The Minister for Foreign Affairs sounded great defending his record on "Morning Ireland" this morning. He was the first EU Minister to call for the closure of the prison at Guantanamo Bay and the first to raise the issue of extraordinary renditions at EU level. However, if he really believes that detention at Guantanamo Bay should be brought to an end and that extraordinary rendition is fundamentally wrong, why is he against putting in place a set of procedures to ensure that Ireland is not complicit in this odious activity?

The chairman of the Human Rights Commission, Dr. Maurice Manning, called for an urgent investigation yesterday. His call was echoed by Deputy Gormley, who said that a new inspection and monitoring system is urgently needed for military and CIA flights that stop over in Ireland. He said the only effective way of ensuring we do not become complicit in dispatching people to be tortured or ill-treated is through establishing an effective process of monitoring and inspection. However, let us look at what is happening in Shannon Airport. One week, US helicopters are in the hold of a plane being dispatched to Iraq and the next week Russian helicopters are in the hold of a Russian plane heading off to deal with a trouble spot around the world. We are wearing a blindfold when it comes to the import and export of arms and possibly prisoners. That is not good enough for the Government nor for the legacy of our early participation in the UN, when we strongly committed ourselves to safeguarding, protecting and upholding human rights around the world. The Government can hold its head low when it comes to these issues.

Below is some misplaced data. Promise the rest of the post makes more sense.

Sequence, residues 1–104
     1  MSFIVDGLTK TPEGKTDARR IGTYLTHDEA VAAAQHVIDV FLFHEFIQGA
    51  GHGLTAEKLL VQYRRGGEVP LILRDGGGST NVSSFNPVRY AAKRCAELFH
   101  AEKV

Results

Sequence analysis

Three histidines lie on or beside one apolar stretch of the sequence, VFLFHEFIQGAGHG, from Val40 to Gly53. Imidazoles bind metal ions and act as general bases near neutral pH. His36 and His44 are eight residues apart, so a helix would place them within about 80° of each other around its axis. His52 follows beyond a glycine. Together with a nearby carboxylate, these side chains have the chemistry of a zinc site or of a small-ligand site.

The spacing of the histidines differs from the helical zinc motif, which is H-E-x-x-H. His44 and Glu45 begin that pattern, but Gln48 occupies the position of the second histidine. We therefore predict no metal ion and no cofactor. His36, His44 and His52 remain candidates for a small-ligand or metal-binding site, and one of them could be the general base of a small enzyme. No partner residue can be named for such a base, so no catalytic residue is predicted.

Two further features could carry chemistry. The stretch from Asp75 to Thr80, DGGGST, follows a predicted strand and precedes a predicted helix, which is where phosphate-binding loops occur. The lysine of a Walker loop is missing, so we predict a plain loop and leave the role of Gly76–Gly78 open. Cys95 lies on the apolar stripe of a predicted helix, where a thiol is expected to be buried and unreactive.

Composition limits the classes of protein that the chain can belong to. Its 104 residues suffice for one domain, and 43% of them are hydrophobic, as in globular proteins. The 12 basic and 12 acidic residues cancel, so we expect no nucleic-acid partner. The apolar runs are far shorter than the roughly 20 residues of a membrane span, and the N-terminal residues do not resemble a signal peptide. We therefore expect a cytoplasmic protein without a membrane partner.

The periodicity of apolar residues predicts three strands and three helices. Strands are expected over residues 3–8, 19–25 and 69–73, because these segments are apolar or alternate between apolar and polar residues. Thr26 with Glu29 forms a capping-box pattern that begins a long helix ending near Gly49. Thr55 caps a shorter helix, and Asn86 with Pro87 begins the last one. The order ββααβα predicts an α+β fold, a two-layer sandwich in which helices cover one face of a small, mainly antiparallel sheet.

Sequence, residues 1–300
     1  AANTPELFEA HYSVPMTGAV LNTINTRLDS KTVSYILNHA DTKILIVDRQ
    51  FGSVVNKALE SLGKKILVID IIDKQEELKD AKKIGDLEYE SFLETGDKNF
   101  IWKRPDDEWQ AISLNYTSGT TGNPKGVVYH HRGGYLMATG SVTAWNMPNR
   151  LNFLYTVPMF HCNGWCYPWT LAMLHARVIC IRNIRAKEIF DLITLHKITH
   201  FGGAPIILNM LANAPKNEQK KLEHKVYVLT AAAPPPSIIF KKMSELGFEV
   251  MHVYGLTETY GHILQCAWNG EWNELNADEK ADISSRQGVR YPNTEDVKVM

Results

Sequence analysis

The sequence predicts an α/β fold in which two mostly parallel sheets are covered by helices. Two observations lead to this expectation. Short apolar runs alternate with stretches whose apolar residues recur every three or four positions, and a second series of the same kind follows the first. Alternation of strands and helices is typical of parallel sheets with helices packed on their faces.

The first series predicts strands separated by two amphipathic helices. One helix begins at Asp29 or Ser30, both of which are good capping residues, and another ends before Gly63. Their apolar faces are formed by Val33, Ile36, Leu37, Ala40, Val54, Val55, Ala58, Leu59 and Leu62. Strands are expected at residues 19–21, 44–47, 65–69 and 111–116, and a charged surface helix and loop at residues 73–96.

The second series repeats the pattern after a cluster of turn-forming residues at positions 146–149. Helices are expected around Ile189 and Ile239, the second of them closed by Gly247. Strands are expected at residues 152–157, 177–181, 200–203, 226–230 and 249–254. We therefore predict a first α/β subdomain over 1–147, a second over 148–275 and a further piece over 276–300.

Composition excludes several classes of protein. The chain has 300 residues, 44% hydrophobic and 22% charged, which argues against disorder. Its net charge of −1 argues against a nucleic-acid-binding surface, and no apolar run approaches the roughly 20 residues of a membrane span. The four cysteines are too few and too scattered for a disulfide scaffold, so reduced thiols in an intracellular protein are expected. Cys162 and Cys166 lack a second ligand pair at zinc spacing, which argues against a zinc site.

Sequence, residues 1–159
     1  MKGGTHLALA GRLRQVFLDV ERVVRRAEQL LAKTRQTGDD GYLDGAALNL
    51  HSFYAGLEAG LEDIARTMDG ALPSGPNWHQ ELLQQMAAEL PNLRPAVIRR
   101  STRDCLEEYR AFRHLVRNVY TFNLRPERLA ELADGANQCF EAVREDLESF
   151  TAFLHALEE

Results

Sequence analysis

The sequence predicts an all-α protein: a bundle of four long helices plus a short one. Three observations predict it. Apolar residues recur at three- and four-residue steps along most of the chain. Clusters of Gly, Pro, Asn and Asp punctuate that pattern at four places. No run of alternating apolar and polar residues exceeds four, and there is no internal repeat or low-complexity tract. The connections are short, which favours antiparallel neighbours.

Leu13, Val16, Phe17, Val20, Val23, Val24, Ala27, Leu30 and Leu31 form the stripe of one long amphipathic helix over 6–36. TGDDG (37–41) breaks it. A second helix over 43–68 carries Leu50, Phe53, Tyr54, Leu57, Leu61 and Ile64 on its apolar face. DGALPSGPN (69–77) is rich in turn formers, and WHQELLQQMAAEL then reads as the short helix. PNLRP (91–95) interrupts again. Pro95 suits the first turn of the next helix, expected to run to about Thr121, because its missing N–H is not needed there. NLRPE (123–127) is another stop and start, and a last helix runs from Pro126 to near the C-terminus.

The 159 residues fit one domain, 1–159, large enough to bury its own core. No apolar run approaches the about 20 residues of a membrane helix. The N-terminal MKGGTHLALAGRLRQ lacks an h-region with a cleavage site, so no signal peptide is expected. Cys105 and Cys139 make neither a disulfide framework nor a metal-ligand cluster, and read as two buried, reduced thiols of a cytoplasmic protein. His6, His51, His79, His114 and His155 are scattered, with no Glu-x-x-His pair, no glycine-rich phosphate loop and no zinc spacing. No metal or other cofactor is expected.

Every time we talk about terrorism, we feed into the so-called "war on terror", which may be the way George Bush and others see the world, but which should not be good enough for Ireland in 2006. We should be doing more to facilitate development aid. We should check aircraft that enter our airspace to make sure that they are not carrying weapons. We should do what some of our EU partners, such as Austria, are doing and make sure that military flights on the way to an illegal war are not permitted in our airspace. This is what we should be debating in this House today, rather than feeding into George Bush's overly simplistic view of foreign affairs in the 21st century.

Of course we need protocols on terrorism and we need to exchange information. My concern relates to the whimper from Government benches when it comes to facilitating a bloody, dirty war that has killed tens of thousands of civilians and that is essentially a war for oil. I want to see the Government show leadership, but I see no sign of it today. I implore the Government to join Dr. Manning in urging the establishment of a process of monitoring and the inspection of suspect aircraft so that we can meet our human rights obligations.

Senator Dick Marty called for an extended dialogue between the EU and the US on how terrorism might be fought within the rule of law, by ensuring that human rights are enhanced and not ignored. All I want to see here is for us to enhance our human rights record and not to ignore the human rights abuses of other countries.